Biography of Elverdo Draper
ELVERDO DRAPER. – To the leading and prominent citizen, whose name initiates this paragraph, we are pleased to accord a representation in this volume because he has manifested during the years in which he has been domiciled in Union county ability of a fine order, and because he has materially assisted in the progress of the county and substantially aided in its upbuilding, while he has developed its resources and augmented its wealth by his enterprising endeavors in his private business; and during all this commendable course there has not only been displayed a praiseworthy sagacity and integrity but a meritorious conduct and morality and uprightness that have marked Mr. Draper as a light in the community, to which one is pleased to refer.
He was born in Essex county, New York, on August 28, 1848, to Henry and Emily (Palmer) Draper, and with his parents ten years later came to Scott county, Iowa, where they rented land. Here and at his native place he received his schooling and worked on the farm in Iowa until he was twenty years of age. At that time he was married to Miss Adeline, daughter of Cyrenus and Melinda Pelham, natives of New York state. To them were born the following children: Maryette, wife of G.S. Johnson, of Union; Lula, wife of William M. Cockrell; Maude Ethel, wife of Albert Logan, of Union; and on July 11, 1888, their only son, Dick, was born to them. For two years subsequent to his marriage he farmed with his father-in-law and then rented a quarter section for himself which he operated until 1871, when he started for the state of Oregon, coming to Keiton via rail and from there by horse teams, arriving in the Grande Ronde valley on October 26, 1871. He first worked by the month for Mr. Ames, who was running a dairy and then he bought the place which is eight miles from Union on the Cove and Big Creek road, and he lives there at the present time. He has steadily added by purchase to the original grant until he has a magnificent domain of fourteen hundred and eighty acres, all lying contiguous. He operated a dairy for three years and then turned his attention to raising sheep. While running the dairy he shipped butter and his other products to the mining centers and received his groceries from Umatilla Landing. In the sheep industry he was eminently successful, handling the Merinos and crossing with the black faced Shropshires. In 1899 he sold his flocks and bought cattle, but at the present time he is considering the advisability of again buying sheep. He farms about three hundred acres and has in addition about one hundred and twenty which is sowed to grass from which he receives annually from one hundred and fifty to three hundred tons of good hay. In October, 1897, Mr. Draper was called to suffer the loss of his faithful companion who was summoned across the river of death.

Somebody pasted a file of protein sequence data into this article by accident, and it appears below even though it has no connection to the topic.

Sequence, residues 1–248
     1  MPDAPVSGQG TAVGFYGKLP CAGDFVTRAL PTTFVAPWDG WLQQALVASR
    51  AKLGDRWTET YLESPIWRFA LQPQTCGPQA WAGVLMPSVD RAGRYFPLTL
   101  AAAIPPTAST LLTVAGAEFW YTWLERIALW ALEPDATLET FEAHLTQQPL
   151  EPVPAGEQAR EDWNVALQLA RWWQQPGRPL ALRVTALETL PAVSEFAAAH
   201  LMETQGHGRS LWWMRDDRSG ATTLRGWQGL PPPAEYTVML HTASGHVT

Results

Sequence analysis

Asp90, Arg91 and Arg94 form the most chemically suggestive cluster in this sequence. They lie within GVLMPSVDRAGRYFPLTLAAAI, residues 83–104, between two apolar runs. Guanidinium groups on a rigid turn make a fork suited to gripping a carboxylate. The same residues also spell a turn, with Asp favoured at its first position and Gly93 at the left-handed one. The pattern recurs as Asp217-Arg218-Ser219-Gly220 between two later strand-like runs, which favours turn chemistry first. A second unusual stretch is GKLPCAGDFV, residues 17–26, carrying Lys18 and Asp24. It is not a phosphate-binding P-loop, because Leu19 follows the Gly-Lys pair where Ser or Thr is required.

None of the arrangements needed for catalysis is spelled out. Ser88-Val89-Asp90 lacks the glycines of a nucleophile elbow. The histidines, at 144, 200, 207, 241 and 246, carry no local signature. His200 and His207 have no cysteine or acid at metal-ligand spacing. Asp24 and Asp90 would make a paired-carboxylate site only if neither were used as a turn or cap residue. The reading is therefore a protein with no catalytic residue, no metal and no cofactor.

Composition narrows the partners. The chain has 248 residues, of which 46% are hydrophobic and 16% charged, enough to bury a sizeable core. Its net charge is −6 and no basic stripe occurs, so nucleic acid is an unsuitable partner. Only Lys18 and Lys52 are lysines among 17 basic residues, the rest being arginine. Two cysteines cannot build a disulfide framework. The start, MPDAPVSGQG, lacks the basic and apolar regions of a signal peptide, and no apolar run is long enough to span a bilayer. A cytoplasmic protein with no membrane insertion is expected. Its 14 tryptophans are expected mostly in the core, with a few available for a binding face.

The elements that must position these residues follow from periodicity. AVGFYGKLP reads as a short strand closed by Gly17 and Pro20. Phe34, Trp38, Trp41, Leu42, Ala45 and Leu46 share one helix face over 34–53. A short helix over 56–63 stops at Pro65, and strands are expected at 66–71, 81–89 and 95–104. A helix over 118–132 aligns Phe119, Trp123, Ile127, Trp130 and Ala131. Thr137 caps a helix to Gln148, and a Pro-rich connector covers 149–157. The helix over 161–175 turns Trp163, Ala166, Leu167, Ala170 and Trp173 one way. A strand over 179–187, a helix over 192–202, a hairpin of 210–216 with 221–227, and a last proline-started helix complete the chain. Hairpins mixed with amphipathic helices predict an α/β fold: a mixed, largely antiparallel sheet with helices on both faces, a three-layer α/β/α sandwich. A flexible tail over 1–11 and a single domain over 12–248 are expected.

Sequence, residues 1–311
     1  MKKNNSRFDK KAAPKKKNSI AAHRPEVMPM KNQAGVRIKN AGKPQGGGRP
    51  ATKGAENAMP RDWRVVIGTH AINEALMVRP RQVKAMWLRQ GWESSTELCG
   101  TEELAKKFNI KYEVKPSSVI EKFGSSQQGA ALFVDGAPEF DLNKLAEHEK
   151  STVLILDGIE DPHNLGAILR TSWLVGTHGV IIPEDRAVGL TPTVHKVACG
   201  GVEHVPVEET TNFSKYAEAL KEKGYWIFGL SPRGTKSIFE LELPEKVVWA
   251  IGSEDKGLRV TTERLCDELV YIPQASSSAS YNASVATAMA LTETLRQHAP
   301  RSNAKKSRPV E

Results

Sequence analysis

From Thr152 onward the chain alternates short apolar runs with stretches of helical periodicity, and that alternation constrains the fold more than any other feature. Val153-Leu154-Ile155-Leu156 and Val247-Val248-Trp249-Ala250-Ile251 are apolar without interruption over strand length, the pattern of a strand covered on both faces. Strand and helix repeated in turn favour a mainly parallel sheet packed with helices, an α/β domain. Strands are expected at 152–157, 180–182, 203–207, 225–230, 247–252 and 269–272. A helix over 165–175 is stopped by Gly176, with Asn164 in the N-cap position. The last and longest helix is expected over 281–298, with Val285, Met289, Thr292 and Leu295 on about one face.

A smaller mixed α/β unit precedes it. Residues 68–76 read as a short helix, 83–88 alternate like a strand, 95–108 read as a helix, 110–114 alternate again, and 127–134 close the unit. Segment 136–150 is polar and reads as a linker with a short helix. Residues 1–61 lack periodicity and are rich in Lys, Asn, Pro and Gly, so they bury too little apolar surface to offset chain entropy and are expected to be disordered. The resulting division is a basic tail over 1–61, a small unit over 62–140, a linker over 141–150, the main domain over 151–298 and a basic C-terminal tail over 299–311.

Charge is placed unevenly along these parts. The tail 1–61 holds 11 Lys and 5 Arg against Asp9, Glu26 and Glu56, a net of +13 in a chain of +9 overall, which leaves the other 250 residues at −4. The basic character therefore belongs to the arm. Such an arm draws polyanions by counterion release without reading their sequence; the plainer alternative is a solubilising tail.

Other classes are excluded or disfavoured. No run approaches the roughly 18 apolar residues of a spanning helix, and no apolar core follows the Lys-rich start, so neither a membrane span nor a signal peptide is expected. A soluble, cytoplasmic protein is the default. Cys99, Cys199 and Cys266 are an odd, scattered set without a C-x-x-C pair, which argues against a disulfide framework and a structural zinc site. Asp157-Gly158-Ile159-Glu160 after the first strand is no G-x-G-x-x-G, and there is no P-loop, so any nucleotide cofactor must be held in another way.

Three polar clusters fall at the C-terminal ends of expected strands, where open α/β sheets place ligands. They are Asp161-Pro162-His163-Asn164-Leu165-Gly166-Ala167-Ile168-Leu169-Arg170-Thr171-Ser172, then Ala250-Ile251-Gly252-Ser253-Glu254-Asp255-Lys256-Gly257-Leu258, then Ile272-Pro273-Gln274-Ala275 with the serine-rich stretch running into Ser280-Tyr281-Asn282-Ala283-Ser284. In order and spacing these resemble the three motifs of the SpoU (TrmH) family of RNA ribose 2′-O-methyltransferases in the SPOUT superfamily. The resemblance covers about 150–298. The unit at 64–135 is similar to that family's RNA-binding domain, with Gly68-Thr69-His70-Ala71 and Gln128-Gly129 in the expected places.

On April 12, 1898, the marriage of Mr. Draper and Mary Kneeland, a native of Massachusetts, was solemnized, and on July 11, of the following year she died after a long and painful illness.,
On March 10, 1901, the marriage of Mr. Draper and Miss Rosana E., daughter of Albert T. and Eliza Doyle, natives of Canada was celebrated. Mr. draper is an elder in the Seventh Day Adventist church, where he is highly esteemed and is active in the interests of his faith.